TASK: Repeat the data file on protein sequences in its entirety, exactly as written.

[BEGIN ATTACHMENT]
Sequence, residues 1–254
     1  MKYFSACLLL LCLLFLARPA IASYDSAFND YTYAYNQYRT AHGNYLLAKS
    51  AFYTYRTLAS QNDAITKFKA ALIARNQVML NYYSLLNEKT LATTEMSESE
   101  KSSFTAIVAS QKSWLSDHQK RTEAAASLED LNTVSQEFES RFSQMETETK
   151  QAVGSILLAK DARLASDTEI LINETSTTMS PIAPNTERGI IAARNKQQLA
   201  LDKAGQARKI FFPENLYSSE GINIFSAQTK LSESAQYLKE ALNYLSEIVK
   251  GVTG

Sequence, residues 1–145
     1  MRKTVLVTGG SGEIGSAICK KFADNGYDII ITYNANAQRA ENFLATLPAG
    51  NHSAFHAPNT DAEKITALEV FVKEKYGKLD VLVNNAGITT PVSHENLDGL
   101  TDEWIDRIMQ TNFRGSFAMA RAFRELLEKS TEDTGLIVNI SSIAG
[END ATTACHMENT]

Sequence, residues 1–254
     1  MKYFSACLLL LCLLFLARPA IASYDSAFND YTYAYNQYRT AHGNYLLAKS
    51  AFYTYRTLAS QNDAITKFKA ALIARNQVML NYYSLLNEKT LATTEMSESE
   101  KSSFTAIVAS QKSWLSDHQK RTEAAASLED LNTVSQEFES RFSQMETETK
   151  QAVGSILLAK DARLASDTEI LINETSTTMS PIAPNTERGI IAARNKQQLA
   201  LDKAGQARKI FFPENLYSSE GINIFSAQTK LSESAQYLKE ALNYLSEIVK
   251  GVTG

Sequence, residues 1–145
     1  MRKTVLVTGG SGEIGSAICK KFADNGYDII ITYNANAQRA ENFLATLPAG
    51  NHSAFHAPNT DAEKITALEV FVKEKYGKLD VLVNNAGITT PVSHENLDGL
   101  TDEWIDRIMQ TNFRGSFAMA RAFRELLEKS TEDTGLIVNI SSIAG